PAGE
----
Research Theme: The Global Revitalization of Indigo Dyeing

The revitalization of indigo dyeing, especially the production process of and with natural dye, is a global phenomenon. As the most available colour plant in many places of the world, indigo reflects common vernacularity as well as the varieties of soil and climate of each locale. Indigo hence often reflects the humble memory of people’s ways of living and the revitalization process forms the site of memory under present demands – whether it’s for community mobilization, a niche market or post-disaster resilience. This project aims to examine multiple cases of revitalization of Indigo dyeing, to explore the drive behind revitalization, the process of making indigo as the site of memory of group of people and how indigo can be a socially engaged colour for mobilizing actions. The cases of Taiwan, Yogjakarta, Chiang Mai, Borneo, India and West Africa will be considered.

This project threads multiple areas/partners through the co-production of online courses and the conducting of in-situ mutual-learning events. It aims to involve multiple actors including craftspeople, universities, art students, local communities and cultural institutions from different areas in the co-production of films. Furthermore, the filmed materials can be used by partners in different areas to build mutual understanding and to generate further cooperation at in-situ events such as workshops and summer schools.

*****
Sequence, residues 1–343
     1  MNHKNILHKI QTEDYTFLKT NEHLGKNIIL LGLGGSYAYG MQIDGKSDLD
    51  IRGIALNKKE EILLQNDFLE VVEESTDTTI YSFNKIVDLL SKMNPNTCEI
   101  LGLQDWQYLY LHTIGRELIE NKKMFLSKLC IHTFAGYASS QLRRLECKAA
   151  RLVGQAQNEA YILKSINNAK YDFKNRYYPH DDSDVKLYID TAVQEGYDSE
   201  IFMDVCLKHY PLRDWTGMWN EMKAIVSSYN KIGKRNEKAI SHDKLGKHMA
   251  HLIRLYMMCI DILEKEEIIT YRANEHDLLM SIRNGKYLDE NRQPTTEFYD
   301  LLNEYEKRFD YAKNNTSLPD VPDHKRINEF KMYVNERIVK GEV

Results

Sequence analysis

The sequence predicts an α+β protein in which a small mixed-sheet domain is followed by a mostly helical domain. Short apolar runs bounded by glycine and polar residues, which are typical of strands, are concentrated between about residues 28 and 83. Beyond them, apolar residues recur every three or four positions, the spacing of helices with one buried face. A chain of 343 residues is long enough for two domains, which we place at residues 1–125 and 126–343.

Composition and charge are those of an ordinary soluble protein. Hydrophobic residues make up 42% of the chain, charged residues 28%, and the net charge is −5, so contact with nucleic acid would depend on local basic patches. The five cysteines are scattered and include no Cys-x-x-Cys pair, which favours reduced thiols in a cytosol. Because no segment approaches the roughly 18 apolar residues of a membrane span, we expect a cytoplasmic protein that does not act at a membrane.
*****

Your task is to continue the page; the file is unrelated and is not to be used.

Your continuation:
The Pedagogies through Indigo

The new course ‘Indigo Across Borders’ will be implemented in the latter part of 2017 at the Taipei National University of Arts, followed by other courses. The course adopts two seemingly conflicting approaches: online MOOC learning and on-site field participation. Through the juxtaposition of distanced learning and in-situ learning, the course aims to show that ‘process’ is core to the understanding of craft and can never be fast-forwarded or avoided by changing channels. This course is open to multi-disciplinary art students as a part of General Education. New courses and projects are also being developed at the School of Culture Resources, Taipei National University of Arts for Master and PhD programmes.

Research Team: Min-chin Kay Chiang

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